A Job for the General Assembly
This article is from the archive of The New York Sun before the launch of its new website in 2022. The Sun has neither altered nor updated such articles but will seek to correct any errors, mis-categorizations or other problems introduced during transfer.
The United Nations will have plenty on its agenda when the 63rd session of its General Assembly opens later this month, but one we hope won’t fall through the cracks is a request to discuss what a letter last month from 17 countries called the “need to examine the fundamental rights of the 23 million people of the Republic of China (Taiwan) to participate meaningfully in the activities of the United Nations specialized agencies.” Because Taiwan isn’t a member of the United Nations — unlike Iran, Sudan, and North Korea — it can’t even make its own case for participation before the world body.
This year, unlike in previous years, Taiwan’s appeal stops short of a formal request for full membership in the United Nations, which it has been deprived of since 1971. Instead, it is asking for the very modest chance to participate in the U.N.’s specialized agencies, such as the World Health Organization, the International Civil Aviation Organization, and the International Maritime Organization.
An explanatory memorandum filed with the United Nations by Taiwan’s allies says that while 40 million tourists visit Taiwan annually and 1.7 million tons of air cargo are shipped there, the island’s exclusion from the International Civil Aviation Organization “creates a dangerous rift in global aviation security.” Taiwan’s exclusion from the World Health Organization means that the island “can neither acquire the latest medical and health updates nor receive timely assistance when epidemics occur,” the memo says. And even though Taiwan has the world’s 10th largest shipping capacity, it isn’t allowed to participate in the International Maritime Organization.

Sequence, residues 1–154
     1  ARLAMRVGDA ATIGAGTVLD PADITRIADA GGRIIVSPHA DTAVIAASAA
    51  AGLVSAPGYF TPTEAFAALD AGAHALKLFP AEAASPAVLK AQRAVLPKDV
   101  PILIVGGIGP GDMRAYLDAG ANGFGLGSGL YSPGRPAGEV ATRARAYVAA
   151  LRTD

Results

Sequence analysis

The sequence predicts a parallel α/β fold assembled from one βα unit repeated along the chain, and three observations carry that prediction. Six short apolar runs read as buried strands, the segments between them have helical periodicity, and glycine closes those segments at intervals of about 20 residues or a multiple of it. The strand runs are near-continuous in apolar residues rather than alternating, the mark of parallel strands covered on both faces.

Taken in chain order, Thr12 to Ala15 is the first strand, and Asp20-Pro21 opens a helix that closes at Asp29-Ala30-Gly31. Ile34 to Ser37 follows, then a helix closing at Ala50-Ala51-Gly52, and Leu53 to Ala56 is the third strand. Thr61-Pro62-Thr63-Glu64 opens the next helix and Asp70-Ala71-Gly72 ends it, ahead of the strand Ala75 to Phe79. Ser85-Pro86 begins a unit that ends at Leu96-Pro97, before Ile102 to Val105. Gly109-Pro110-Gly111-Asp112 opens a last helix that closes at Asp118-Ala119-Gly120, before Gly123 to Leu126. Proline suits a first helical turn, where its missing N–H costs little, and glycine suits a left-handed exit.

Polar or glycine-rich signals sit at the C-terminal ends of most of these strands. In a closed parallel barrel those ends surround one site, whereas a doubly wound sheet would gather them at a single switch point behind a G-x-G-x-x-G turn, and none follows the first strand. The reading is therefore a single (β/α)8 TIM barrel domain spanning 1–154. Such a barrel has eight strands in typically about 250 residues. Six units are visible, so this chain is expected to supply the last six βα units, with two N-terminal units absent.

Those who defend the United Nations when critics ask why outlaw nations such as Iran and North Korea are members, or when critics suggest replacing the United Nations with a community of democracies, insist that the world body’s value derives in part from the fact that it is universally inclusive. Taiwan’s exclusion undermines that argument, and the upcoming General Assembly is a chance to move toward rectifying the situation.